By Mary Dickins
The key issues in inclusion are explored via an A - Z method overlaying key techniques, theories / theorists, and figures.
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Extra info for A - Z of Inclusion in Early Childhood
2000) Children and assessment, in D. Wyse and A. Hawtin (eds) Children: A Multiprofessional Perspective. London: Arnold. Pollard, A. (2002) Reflective Teaching. London: Continuum. Rieser, R. and Mason, M. (1992) Disability Equality in the Classroom: A Human Rights Issue. London: ILEA. Roberts, R. (1998) Thinking about me and them, in I. ) A Curriculum Development Handbook for Early Childhood Educators. Stoke-on-Trent: Trentham Books. Roberts, R. (2010) Well-Being from Birth. London: Sage. Siraj-Blatchford, I.
However, whether individuals perceive certain behaviours negatively or positively is likely to be highly subjective and subject to a number of influences including family values, background, culture and the fact of having once been a child (Drifte 2004). The term challenging behaviour is often used to describe behaviours which have a negative impact on the child’s social or physical surroundings. These behaviours can range from mildly disruptive to behaviour that is likely to cause physical harm to the child themselves or those around them.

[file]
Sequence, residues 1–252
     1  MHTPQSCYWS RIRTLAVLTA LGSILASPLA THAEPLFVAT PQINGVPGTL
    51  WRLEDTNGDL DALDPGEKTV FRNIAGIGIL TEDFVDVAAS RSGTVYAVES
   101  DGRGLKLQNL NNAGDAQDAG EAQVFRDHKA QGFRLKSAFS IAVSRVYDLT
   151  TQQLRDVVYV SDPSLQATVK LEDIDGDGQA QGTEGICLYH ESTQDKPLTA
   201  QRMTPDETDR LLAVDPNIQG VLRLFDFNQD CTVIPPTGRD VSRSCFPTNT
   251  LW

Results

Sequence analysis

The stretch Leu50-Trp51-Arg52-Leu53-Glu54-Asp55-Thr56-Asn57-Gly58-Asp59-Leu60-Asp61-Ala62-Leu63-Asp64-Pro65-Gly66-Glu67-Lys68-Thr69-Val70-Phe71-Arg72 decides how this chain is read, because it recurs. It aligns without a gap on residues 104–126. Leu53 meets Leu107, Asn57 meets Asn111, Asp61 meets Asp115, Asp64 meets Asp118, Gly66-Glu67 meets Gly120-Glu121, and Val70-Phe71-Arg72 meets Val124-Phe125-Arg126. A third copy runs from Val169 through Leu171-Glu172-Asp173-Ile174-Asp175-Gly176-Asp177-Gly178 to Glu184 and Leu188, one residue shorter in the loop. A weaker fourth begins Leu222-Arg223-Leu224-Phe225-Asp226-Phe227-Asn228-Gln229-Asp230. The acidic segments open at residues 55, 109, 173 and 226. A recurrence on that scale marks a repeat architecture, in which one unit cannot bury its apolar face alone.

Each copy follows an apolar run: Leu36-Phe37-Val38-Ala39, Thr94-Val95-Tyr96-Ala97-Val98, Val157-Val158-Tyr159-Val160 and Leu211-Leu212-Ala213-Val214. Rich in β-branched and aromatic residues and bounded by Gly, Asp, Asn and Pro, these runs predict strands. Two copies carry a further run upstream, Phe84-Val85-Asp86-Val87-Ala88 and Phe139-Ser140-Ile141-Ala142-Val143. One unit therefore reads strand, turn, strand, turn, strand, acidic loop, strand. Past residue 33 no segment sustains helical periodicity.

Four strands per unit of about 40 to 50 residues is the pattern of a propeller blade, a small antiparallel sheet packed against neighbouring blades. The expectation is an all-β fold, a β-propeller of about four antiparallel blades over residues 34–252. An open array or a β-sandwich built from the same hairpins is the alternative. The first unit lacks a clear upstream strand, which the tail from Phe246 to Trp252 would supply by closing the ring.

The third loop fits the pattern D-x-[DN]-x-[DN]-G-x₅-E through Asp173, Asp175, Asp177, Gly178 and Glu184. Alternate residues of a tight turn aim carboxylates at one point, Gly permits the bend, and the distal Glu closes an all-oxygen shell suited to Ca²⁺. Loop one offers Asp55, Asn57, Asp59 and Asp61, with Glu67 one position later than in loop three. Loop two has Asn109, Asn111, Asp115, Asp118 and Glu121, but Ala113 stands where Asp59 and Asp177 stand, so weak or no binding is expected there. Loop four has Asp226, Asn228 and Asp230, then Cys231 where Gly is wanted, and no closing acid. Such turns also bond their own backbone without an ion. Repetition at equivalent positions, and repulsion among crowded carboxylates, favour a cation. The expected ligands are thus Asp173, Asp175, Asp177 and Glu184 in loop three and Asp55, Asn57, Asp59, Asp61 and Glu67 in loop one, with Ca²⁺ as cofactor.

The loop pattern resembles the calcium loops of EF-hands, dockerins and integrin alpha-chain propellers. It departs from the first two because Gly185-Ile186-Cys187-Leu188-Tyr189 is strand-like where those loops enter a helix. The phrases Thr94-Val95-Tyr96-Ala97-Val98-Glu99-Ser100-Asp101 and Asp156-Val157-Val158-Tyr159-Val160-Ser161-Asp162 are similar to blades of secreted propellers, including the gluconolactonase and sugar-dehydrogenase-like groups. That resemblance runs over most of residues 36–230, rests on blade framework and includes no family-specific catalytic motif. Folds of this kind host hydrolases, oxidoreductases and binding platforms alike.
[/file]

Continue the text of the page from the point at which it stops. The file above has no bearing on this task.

Twenty toddlers aged two and under were included in the figures. These were often fixed term rather than permanent exclusions. A subsequent report published by the regulatory body Ofsted (2009) looked into the exclusion of children from 60 primary schools and argued that the numbers they found were very small, especially for children in the foundation stage. This lack of consensus concerning pre-school exclusions makes accurate analysis difficult but nevertheless there have been clear trends identified.